All of the above factors are at the back of my mind while I stalk the minivet. I have the slightest of advantage with me for I am on higher ground. Having climbed the mud embankment I am standing at the canopy levels of the trees on the slope below. This is exactly the kind of birding I like for I do not have to look upwards to find the birds. Now all I need is Lady Luck to smile down on me.

There is another flash of colour among the leaves. I see the bird land on a branch that is devoid of leaves. I train my camera at the subject which is a bit obscured by the branches of a tree in front of me. I dare a step to the right and suddenly the minivet is right there on an open perch.

I search for the bird’s eyes in the viewfinder to get a lock – on. I can see that the bird has a big caterpillar in its beak and is in the act of stunning its prey on the branch. The minivet disables its catch, gulps it down whole and then cocks its tiny head at me for a second. As the blue – black head comes into focus I squeeze on the shutter – release for a burst. Then the bird flies off and disappears among the trees. It all happens in matter of seconds but somehow I manage to capture some images. I check on the LDC and there are a few sharp photos of the minivet there.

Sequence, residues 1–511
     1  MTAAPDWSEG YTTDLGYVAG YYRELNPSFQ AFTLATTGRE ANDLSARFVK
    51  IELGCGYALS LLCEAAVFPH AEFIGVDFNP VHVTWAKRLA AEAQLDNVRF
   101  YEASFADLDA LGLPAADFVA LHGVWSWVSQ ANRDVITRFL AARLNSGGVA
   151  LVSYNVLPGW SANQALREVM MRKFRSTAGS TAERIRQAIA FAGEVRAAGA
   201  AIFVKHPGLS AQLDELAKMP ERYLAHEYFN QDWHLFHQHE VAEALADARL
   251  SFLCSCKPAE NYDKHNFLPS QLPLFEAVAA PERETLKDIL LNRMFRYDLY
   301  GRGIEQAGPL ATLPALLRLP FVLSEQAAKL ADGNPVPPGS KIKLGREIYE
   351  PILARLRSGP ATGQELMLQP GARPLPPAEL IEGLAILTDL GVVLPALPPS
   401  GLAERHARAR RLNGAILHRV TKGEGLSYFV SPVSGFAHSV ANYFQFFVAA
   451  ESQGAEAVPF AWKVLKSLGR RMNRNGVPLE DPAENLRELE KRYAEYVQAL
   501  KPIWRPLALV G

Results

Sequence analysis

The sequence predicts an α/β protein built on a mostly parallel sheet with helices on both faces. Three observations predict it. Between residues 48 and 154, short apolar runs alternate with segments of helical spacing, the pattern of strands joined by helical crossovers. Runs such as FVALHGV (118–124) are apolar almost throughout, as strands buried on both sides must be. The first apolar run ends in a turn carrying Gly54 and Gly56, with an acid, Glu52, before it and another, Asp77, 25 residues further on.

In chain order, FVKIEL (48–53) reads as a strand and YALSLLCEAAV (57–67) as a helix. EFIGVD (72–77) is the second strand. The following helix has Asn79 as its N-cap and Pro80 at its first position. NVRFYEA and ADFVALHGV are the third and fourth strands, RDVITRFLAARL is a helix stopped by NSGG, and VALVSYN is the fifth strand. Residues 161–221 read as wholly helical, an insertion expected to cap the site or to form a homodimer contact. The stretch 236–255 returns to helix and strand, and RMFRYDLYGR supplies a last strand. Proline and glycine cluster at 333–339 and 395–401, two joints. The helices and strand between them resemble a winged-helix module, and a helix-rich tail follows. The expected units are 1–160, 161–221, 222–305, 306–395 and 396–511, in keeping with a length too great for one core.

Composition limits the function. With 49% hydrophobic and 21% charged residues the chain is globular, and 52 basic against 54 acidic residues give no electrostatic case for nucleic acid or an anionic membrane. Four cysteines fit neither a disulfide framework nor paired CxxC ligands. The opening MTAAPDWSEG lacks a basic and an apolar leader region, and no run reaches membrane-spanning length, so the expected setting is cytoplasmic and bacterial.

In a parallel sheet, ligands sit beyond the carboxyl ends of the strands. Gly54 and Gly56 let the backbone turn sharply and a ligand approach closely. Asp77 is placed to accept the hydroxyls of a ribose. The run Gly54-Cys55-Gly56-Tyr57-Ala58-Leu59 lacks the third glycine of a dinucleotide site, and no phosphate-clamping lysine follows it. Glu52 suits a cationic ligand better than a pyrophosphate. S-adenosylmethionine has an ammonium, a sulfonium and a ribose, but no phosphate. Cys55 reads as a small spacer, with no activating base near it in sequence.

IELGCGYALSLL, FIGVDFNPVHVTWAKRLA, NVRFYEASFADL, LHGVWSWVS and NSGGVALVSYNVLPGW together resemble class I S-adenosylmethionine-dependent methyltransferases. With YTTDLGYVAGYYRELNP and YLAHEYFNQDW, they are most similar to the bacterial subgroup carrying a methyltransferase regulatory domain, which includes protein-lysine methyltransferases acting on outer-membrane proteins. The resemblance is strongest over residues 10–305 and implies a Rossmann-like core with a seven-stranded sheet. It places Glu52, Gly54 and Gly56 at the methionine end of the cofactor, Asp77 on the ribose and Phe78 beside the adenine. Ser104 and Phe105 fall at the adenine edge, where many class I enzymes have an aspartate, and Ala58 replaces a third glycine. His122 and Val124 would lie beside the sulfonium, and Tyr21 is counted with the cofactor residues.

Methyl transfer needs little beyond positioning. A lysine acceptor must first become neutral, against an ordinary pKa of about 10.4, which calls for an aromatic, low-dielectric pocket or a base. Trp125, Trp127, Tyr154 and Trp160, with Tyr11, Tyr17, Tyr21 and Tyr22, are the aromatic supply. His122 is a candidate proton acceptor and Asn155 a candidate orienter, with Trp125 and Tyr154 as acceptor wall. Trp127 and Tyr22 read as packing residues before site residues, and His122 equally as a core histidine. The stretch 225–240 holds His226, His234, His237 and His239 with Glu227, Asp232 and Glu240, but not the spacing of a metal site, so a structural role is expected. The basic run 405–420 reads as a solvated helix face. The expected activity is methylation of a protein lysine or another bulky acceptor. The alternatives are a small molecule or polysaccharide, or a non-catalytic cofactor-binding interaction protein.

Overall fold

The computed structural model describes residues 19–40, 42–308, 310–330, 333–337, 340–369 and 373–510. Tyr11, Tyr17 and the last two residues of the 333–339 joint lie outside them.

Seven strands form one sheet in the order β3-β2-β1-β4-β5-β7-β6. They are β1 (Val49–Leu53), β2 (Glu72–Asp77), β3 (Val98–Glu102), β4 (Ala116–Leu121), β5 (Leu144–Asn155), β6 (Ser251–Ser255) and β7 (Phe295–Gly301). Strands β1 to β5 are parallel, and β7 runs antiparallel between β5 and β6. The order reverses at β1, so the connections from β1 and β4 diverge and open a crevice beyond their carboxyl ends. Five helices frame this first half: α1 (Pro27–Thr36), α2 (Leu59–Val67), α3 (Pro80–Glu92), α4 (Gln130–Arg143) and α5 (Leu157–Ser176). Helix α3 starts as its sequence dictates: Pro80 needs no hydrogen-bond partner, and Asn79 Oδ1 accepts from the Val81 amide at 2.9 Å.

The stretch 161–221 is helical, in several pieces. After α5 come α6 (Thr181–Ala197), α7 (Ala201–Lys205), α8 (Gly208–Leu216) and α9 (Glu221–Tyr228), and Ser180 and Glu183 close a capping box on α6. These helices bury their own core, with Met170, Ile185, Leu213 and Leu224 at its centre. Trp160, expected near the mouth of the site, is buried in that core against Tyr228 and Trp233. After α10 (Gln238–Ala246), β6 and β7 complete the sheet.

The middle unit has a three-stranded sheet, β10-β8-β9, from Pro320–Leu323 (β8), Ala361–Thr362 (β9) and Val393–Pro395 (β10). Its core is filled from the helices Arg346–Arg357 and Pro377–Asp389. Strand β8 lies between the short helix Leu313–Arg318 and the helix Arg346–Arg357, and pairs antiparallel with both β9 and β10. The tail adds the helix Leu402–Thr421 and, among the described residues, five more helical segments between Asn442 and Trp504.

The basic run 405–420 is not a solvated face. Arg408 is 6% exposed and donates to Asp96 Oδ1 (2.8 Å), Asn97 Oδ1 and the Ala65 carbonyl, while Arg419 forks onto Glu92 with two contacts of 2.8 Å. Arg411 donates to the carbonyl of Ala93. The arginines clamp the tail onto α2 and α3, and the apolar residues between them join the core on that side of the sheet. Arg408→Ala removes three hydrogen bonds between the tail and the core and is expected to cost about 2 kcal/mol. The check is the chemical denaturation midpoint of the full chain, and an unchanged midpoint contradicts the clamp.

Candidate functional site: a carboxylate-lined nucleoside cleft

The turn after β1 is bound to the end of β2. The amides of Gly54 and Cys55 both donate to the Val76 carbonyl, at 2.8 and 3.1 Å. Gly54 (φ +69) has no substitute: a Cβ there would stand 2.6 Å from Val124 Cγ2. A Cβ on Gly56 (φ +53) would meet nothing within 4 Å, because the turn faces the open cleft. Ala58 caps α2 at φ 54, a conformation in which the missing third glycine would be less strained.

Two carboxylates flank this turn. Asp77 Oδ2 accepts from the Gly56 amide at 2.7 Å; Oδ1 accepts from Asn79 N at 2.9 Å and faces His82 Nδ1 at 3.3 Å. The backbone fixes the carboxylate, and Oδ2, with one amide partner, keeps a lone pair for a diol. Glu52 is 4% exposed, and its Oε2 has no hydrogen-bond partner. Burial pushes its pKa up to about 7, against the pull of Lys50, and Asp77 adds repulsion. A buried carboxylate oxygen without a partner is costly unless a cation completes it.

A few days later I check on my computer to see whether it is a Short – billed or a Scarlet. I settle for the former but to be doubly sure I pull out the field guide and riffle through the pages. It is only then I realize it is none of the above two species for me. The last time was more than five years ago in Yuksam which is indeed a long time back. So long ago that I had completely forgotten about the species.

The spring season has sprung its first of its surprise already. It is moments such as these that make birding and bird photography such an exciting experience. Moments like these makes the day – long hikes in the sun and rain lugging the heavy gear through thick bush on forest trails and on dirt roads worth your while.

And the lure of bagging and adding an image of the elusive cochoas to your collection of avian beauties eggs you on your quest. You know that5 it is just a matter of time before you see one. If not this spring may be during autumn or maybe again during spring next year. And who knows what else you will stumble upon just around the next bend in the trail.


Source: Sikkim Express